Time for What Matters: Essential Windows Shortcuts
The average person spends 90,000 hours at work. These hours can cost us sleep, affect our mood, and cause us to gain weight. Oh, and work can cause stress, too. We can’t give you a “get out of work free” card, but these essential Windows shortcuts will help you save time.
By gaining efficiency at your computer, you may find you have more time for what matters. At work, this may be devising new innovations or getting out in the field. At home, these shortcuts can free up time to play a board game with the kids or do some gardening with Grandma.
Ctrl + X to Cut
Think about X marking the spot in the text where you want to cut words, an image, or a URL. Drag your cursor over the selection to highlight the particular text/table/image/file (or a part of it). If you don’t want it at all, the cut function is another version of delete. If you want to move the selection, this is your first step.
Ctrl + V to Paste
With this simple shortcut you can place the information you just cut (or copied using Ctrl + C) anywhere you want. The important thing to remember is that the paste function only holds one selection in memory. So, if you cut a phrase from one place, don’t get distracted by an image you want to copy or other text to cut. You want to paste what you have first, then go back and copy or cut the next thing so as not to risk risking losing anything.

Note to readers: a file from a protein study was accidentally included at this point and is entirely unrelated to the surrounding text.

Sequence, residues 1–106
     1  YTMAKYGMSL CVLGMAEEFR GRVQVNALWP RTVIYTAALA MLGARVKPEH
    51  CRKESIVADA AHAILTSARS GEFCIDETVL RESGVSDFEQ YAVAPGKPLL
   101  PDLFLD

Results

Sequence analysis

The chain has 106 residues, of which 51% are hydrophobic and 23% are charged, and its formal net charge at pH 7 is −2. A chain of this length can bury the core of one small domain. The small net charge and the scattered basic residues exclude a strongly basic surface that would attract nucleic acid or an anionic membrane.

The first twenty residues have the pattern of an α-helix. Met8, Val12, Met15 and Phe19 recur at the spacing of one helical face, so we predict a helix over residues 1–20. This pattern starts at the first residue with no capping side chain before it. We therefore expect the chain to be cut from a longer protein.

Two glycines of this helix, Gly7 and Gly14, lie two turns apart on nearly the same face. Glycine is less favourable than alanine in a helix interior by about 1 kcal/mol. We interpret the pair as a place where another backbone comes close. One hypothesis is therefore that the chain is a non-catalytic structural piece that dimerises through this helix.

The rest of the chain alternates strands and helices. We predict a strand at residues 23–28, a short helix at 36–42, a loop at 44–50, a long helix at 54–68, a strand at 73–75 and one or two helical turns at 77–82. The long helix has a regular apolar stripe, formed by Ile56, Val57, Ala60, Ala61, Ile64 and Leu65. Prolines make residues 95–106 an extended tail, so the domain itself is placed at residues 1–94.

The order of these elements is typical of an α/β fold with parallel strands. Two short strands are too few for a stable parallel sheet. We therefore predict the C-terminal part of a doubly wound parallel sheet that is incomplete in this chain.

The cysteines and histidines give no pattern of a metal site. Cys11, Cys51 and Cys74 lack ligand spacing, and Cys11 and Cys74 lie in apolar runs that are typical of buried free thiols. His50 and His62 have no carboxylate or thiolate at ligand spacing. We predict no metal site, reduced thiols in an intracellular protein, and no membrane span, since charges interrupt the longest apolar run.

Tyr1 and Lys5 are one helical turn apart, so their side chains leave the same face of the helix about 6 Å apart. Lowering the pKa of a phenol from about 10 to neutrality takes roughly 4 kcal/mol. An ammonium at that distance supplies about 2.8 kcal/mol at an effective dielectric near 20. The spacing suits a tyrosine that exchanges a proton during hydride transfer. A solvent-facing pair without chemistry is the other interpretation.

Ctrl + Z to Undo
If only this shortcut was available in real life. We could retract that thing we inadvertently said to Uncle Steve, or take out the salt we put in a recipe instead of sugar, or avoid leaving the house for the gym without our running shoes.
Still, Windows users are able to undo their most recent action with this key combination. Whichever Windows program you’re in, you can use Ctrl + Z to reverse your last action. To redo something, go with Ctrl + Y.
Alt then Tab to Switch Screens
There are many things you can do with Windows. Perhaps you’re multitasking: you have a PowerPoint open, as well as an Excel spreadsheet, and Internet Explorer, too. By pressing Alt and then the Tab key, you can switch between tabs or screens. If you hold down the Alt button while tapping Tab, you’ll scroll through all screens.
Ctrl + N to open a new window
Pressing Ctrl+N together opens up a new document file or browser window, depending on the program you’re in. It saves you a few drop-down menus and works in most Windows applications and Web browsers.
Ctrl + F to Find
This is another one we’d love to see in the real world. Using the find shortcut calls up a pop-up box where you can enter text or numbers. You can use this shortcut to find what you’re looking for on a Web page, in a PDF document, or in your rough draft of a speech. In fact, you’ll be able to see how many times your search text appears and toggle from one selection to the next.
Ctrl + Mouse to Zoom
Forget your reading glasses? Looking at a too-small infographic? Having a tough time locating the right tiny file on your desktop? You can zoom in with this shortcut. Using this shortcut on your desktop makes files and folders larger. In your browser, this function zooms in on the page.
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